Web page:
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Identifying Defects And Recalling Vehicles

| Jan 8, 2015 | Products Liability |

Defective automobiles and automobile parts are a common problem. The total number of recalls has risen to record levels. The process by which auto defects are identified and eventually recalled has drawn heavy criticism. The National Highway Traffic Safety Administration came under fire following what were considered blunders in handling faulty ignition switches in General Motors vehicles and defective airbags manufactured by Takata. New NHTSA administrator Mark Rosekind has promised to improve the defect analysis and recall system.

Mr. Rosekind used the term “latent failures” to describe the GM ignition switch and Takata airbag situations. In both cases, reports of dangerous failures surfaced years before the NHTSA took any action that directly protected consumers. Many accused the NHTSA of dragging its feet because of close ties to auto industry players. The body was accused of being in the pocket of auto companies to the detriment of the general public.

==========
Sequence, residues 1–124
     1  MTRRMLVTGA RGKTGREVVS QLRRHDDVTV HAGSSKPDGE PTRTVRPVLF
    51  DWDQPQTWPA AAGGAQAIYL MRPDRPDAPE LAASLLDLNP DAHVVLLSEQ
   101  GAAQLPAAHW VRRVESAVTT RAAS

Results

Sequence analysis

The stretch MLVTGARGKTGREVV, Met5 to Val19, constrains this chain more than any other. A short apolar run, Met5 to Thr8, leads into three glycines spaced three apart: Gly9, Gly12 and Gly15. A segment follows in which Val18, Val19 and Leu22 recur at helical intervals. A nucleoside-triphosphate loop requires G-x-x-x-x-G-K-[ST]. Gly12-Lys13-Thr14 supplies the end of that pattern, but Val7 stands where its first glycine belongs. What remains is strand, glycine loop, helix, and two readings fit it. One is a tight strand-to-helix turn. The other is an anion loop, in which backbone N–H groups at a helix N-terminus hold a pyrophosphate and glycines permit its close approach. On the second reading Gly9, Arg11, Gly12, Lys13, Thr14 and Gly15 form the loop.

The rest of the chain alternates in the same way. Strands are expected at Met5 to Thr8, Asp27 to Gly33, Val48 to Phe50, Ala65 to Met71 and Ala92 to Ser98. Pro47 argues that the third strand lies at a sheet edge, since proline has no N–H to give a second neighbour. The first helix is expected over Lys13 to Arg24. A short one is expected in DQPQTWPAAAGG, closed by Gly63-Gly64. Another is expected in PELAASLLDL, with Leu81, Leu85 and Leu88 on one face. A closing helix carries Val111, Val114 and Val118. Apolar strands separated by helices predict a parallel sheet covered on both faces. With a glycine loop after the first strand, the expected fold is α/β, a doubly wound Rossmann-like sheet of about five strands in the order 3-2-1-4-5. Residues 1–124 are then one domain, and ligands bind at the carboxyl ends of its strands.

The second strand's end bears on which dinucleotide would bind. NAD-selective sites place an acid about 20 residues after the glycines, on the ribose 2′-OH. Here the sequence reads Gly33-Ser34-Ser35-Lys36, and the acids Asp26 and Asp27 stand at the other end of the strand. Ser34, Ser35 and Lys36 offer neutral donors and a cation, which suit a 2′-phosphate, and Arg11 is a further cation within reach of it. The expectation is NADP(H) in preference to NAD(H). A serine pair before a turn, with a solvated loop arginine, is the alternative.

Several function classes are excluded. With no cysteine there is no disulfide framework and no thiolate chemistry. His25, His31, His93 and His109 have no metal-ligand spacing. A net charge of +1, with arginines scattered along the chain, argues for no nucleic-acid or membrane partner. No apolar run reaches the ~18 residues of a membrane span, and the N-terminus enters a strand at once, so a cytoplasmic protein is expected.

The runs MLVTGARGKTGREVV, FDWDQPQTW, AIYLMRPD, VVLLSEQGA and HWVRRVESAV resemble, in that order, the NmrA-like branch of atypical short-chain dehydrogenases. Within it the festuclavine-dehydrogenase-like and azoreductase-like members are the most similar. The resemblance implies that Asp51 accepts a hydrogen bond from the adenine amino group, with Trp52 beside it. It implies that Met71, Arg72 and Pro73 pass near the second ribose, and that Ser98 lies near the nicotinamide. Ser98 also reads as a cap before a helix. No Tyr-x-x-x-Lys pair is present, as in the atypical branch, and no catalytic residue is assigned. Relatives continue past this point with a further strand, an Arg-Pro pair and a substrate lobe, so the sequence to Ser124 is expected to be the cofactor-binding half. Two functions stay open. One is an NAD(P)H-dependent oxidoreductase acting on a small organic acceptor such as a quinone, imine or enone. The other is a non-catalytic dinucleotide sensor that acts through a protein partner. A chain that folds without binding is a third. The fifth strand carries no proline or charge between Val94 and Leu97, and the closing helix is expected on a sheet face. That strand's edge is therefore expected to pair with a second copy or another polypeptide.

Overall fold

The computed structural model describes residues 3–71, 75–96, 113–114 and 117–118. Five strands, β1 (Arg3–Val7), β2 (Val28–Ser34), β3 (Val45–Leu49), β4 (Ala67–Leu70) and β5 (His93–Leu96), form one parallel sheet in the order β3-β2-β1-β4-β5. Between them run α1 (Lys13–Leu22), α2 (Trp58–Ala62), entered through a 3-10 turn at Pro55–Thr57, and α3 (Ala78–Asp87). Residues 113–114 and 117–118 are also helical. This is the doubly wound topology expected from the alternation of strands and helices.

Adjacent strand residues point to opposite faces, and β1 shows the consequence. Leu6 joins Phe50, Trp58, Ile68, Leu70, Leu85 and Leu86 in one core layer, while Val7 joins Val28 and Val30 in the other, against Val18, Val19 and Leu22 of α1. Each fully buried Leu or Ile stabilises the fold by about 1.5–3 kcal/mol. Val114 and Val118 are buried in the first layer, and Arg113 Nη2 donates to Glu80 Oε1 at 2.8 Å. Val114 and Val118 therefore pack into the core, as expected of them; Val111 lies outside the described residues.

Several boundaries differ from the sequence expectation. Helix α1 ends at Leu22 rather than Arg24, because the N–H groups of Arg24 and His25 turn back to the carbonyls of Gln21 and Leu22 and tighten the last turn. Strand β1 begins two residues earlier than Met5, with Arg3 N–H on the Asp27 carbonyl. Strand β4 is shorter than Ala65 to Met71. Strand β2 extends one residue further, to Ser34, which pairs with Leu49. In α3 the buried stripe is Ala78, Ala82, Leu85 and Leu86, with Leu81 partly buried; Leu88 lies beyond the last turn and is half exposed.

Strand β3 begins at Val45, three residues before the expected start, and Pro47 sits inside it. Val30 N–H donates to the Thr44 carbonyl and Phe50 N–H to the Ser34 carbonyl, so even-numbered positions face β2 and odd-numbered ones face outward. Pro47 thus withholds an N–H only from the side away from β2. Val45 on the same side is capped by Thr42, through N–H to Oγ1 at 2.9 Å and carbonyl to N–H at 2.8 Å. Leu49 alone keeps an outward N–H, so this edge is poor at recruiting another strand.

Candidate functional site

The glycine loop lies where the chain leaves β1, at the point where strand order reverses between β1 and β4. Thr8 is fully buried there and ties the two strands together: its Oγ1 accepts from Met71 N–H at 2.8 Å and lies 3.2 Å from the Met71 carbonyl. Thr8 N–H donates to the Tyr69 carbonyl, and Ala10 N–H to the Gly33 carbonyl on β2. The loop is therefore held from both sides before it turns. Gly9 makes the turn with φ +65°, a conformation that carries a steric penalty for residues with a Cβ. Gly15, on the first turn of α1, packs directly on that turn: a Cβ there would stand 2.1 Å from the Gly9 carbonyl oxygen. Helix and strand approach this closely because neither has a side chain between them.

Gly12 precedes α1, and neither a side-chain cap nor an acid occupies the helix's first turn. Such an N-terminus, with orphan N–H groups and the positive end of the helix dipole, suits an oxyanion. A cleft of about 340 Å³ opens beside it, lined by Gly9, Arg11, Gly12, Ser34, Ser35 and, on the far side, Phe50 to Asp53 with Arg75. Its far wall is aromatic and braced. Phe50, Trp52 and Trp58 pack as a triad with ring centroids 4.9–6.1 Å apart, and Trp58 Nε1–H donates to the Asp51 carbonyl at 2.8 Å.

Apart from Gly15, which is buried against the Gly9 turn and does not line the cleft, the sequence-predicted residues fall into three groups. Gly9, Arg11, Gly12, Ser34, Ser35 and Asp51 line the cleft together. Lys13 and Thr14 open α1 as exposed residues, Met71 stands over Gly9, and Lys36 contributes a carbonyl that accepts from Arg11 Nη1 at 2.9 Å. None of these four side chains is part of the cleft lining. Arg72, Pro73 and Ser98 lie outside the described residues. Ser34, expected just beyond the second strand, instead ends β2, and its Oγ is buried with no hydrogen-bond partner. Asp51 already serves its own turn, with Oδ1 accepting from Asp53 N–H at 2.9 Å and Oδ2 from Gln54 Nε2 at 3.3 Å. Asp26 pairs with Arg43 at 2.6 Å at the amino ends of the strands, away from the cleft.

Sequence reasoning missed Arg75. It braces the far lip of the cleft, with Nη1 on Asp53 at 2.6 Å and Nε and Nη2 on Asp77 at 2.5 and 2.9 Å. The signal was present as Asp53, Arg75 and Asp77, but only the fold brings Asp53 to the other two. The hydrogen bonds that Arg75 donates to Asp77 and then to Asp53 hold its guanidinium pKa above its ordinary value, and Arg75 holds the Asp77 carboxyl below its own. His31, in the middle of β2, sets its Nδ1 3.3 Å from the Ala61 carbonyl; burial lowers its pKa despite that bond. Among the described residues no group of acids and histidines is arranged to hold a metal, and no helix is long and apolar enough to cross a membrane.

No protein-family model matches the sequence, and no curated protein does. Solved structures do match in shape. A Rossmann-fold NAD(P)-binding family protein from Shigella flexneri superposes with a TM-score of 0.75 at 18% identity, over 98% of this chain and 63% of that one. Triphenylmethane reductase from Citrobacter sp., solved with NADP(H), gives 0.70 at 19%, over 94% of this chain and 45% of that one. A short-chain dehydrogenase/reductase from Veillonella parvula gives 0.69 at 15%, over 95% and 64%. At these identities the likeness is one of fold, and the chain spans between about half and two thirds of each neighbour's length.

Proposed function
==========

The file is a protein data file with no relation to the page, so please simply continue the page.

Mr. Rosekind has already asked for greater resources, including a larger staff and access to the latest technology, to continue the safety mission of the NHTSA. It is unclear if more money would solve the problem if the group really is under the sway of auto companies. The new administrator came from the National Transportation Safety Board with an emphasis on distracted driving, so he does not have the connections in the auto industry that many previous administrators had. That may allow him to begin the work of the NHTSA anew, with the focus squarely on improving traffic safety, as it should be.

Source: Tire Business, “NHTSA must improve defect analysis system — Rosekind,” by Ryan Beene, 8 January 2015 

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